Roderick Strong vs. Adam Page vs. ACH vs. Dalton Castle: ROH always seems to have four-way or six-way matches to get everyone on the show. At least this one had the hook of being for a future ROH TV Title shot. Strong’s frustration about losing was an interesting development, though I’m really not sure whether we’re supposed to like or dislike him these days. Castle going over was cool because his character needs to be elevated and he needs a new program now that his awesome run with Silas Young is complete. By the way, what’s next for Silas? Is he back to having meaningless matches? I hope there’s a real program in mind for him. By the way, what did Page’s character do to earn a spot in a No. 1 contenders match?
ROH Global Wars Misses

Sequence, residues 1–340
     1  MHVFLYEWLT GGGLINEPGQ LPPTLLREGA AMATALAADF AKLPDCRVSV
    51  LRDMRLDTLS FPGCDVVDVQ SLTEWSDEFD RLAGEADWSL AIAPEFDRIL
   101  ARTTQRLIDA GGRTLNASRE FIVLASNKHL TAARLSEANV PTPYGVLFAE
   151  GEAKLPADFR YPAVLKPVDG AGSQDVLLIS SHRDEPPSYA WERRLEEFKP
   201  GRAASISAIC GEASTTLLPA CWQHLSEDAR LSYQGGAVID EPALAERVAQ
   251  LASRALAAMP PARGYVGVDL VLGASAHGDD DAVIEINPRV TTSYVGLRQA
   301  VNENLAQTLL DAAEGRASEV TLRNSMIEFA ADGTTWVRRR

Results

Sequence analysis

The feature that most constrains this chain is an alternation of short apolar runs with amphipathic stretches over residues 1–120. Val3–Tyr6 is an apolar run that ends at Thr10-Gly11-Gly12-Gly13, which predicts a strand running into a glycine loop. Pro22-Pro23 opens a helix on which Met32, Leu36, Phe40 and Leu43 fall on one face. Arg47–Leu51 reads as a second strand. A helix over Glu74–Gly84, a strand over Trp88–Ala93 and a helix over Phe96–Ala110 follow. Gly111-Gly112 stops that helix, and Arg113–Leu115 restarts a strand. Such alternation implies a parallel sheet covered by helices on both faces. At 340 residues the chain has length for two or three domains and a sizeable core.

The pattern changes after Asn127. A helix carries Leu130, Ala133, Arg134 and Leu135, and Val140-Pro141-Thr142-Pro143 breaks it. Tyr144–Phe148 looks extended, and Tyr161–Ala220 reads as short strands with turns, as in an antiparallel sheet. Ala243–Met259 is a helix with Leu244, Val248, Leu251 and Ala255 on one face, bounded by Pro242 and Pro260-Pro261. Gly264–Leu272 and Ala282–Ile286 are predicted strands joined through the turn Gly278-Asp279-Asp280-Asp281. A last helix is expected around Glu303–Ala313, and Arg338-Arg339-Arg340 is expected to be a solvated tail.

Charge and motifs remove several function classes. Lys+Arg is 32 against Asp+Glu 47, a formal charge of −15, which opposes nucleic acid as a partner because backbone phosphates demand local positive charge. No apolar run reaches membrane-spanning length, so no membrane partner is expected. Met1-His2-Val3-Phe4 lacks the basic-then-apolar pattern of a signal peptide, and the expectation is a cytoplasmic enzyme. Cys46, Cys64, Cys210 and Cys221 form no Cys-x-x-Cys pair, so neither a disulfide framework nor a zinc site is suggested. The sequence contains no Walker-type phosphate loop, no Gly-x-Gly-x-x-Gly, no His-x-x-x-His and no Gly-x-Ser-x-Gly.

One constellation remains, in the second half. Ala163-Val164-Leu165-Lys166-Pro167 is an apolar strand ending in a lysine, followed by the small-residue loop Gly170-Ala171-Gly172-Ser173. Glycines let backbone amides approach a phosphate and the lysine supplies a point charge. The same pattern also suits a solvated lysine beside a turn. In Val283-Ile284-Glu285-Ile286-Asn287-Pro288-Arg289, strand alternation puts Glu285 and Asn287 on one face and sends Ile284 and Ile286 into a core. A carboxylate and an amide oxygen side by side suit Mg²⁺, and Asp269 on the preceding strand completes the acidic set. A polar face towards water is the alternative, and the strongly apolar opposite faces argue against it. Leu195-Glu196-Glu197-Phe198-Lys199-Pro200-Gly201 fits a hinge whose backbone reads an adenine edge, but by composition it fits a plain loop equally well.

The Bullet Club ruins the main event: The Jay Lethal vs. Colt Cabana match was a lot of fun until the wannabe NWO finish. I understand the temptation. Karl Anderson and Luke Gallows are appearing on WWE television doing some type of Bullet Club inspired gimmick. ROH has access to the real thing. It also gives Adam Cole a high profile spot, and gives the Young Bucks a real direction for the first time since they signed with ROH in late 2015. Unfortunately, this was about as campy as it gets. The superkicks and the too sweeting may have put Bullet Club on the map, but it’s time for the Young Bucks to start being as innovative with the gimmick as they are in the ring. There’s no real sense of danger in watching a bunch of guys do a tongue in cheek emulation of what was cool in 1998 while a graphic counts the ridiculous number of superkicks that were thrown. At the very least, I want to see these guys work as true heels. I don’t want to hear Cole use his “baby” line in a way that encourages the fans to say it along with him. I don’t want to watch the Bucks “too sweet” with fans. And don’t give me the argument that interrupting the main event made them heels. In 2016, the fans blame the company, not the heel faction. This all made for a terrible conclusion to the pay-per-view, but I believe it can work on some level if the heel faction actually seeks heat rather than t-shirt sales, laughs, and “this is awesome” chants. Modern day ROH has a lousy track record with heel stables. I really hope this time is different.